Infrastructure Workflow

Cloudmesh supports an infrastructure workflow where users can specify python functions and map their execution on cloud infrastructure. The workflow feature allows you to define Python functions on a workflow class, and specify when to execute them via the command line or in a YAML file. You can then visualize the result of your workflow execution.

An example is given next.

from cloudmesh.flow.WorkFlow import BaseWorkFlow

class MyFlow(BaseWorkFlow):

    def a(self):
        print("in a!")

    def b(self):
        print("in b!")

    def c(self):
        print("in c!")

This allows you to define functions in your workflow file. Then you can write a specification for the sequence to execute your functions:

(a; b || c)


  • a ; b is executed sequentially

  • b || c is executed in parallel.

Finally, after execution, the results are stored in MongoDB to be visualized or consumed by later functions in the series.

Database Objects

There are two collections related to workflow objects. The first is for the definition of a flow, and the second for the status of a flow that is in progress.

Definition Collection

When you define a workflow, a new collection is created for the definition. For a workflow named “test”, this collection exists at “test-flow”. This collection contains objects that look like the following:

    "name" : "pytesta",
    "dependencies" : [],
    "workflow" : "test",
    "cm" : {
        "kind" : "flow",
        "cloud" : "test",
        "name" : "pytesta",
        "collection" : "test-flow",
        "created" : "2019-05-02 00:32:11.034870",
        "modified" : "2019-05-02 00:32:11.034870"
    "kind" : "flow",
    "cloud" : "test",
    "status" : "defined"

The salient features are name, which is the name of the node, and dependencies which is an array of other node names this node depends upon. All elements in a flow definition collection will have status : "defined".

Running Flow Collection

When a flow is started with

cms flow run

A new collection is started with the suffix “-active” added at the end. For example, if your flowname is test and your nodes are defined in test-flow, then the active collection in MongoDB will be test-flow-active. Objects in this collection are similar to the above, with two changes:

  1. First, they have a result field attached, which holds the JSON value from the result of executing the node and

  2. They have a richer status field, with the following values:

    • pending is the status when the flow starts

    • running is the status when a node is being executed

    • finished is the status when the node has executed

    • error is the status when a node finished execution with a non-zero exit code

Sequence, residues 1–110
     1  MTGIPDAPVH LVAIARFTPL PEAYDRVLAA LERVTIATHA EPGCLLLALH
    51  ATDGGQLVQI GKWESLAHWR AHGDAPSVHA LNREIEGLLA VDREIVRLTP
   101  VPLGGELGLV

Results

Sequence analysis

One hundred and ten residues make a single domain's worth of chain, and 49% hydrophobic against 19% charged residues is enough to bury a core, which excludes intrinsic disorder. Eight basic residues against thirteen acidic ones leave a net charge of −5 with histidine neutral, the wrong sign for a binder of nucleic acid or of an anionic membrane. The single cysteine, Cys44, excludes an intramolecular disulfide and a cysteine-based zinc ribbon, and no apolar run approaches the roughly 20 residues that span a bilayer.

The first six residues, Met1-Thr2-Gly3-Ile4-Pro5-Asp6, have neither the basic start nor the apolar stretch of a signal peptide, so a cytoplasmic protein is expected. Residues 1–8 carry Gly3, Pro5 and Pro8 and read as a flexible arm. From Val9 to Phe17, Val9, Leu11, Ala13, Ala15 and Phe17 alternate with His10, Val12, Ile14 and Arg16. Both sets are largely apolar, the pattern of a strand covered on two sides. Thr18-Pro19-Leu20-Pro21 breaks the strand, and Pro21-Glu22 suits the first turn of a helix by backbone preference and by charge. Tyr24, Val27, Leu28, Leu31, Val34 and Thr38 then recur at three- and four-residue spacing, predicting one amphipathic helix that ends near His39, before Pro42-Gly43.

When interacting directly with the database, it is important to use the values from the definition collection unless you are explicitly interacting with a flow in progress. The running collection may not be up-to-date and may contain incorrect information. For example the dependencies array in the definition collection reflects the overall dependencies specified in the flow definition but in the running collection the array is continually modified whenever other nodes finish their work.

Javascript Interface (proposed)

We are looking for someone that would chose as its project to include a rendering of some DAG in javascript. The javascript library must be free to use. Nodes and edges must be able to be labeled.

A promising start for a Javascript library is

This project is only recommended for someone that knows javascript already.

You will do the rest of the project in python. It is important that the functions be specified in python and not just Javascript. The focus is not on specifying the DAG with a GUI, but to visualizing it at runtime with status updates

Here is another summary that we posted earlier and is probably better as it has a dict return

So what we want to do is something i have done previously somewhere with graphviz, but instead of using graphviz we use java script. W want to define tasks that depend on each other. The tasks are defined as python functions. The dependencies are specified via a simple graph string

def a (); print("a"); sleep(1) ; return {"status": "done", "color":"green", shape:"circle", label="a"}

def b (); print("b"); sleep(2); return{"status": "done", "color":"green", shape:"circle", label="b"}

def b (); print("c"); sleep(3); return{"status": "done", "color":"green", shape:"circle", label="c"}

w = workflow("a; b | c")

; = sequential

| = parallel

While executing the javascript would change dynamically the state and color after a calculation is completed. The workflow should also be able to be specified in yaml

Here just one idea:

      name: a
         x: "int"
         y:: "int"
      calculation: f(x,y)
         color: green
         label: a
         value: x (this is a python variable local to the function
         shape: circle
         color: green
         label: a
         value: x (this is a python variable local to the function
         shape: circle

Naturally at one point f(x,y) will be cloud related such as starting a vm and executing a command in teh vm ….


We added a value to the return. Values can be any object.

def a():
    x = 10
    return {"status": "done",
            "color": "green",
            "shape": "circle",
            "label": "c",
            "value": x}


An OpenAPI specification for this is to be defined.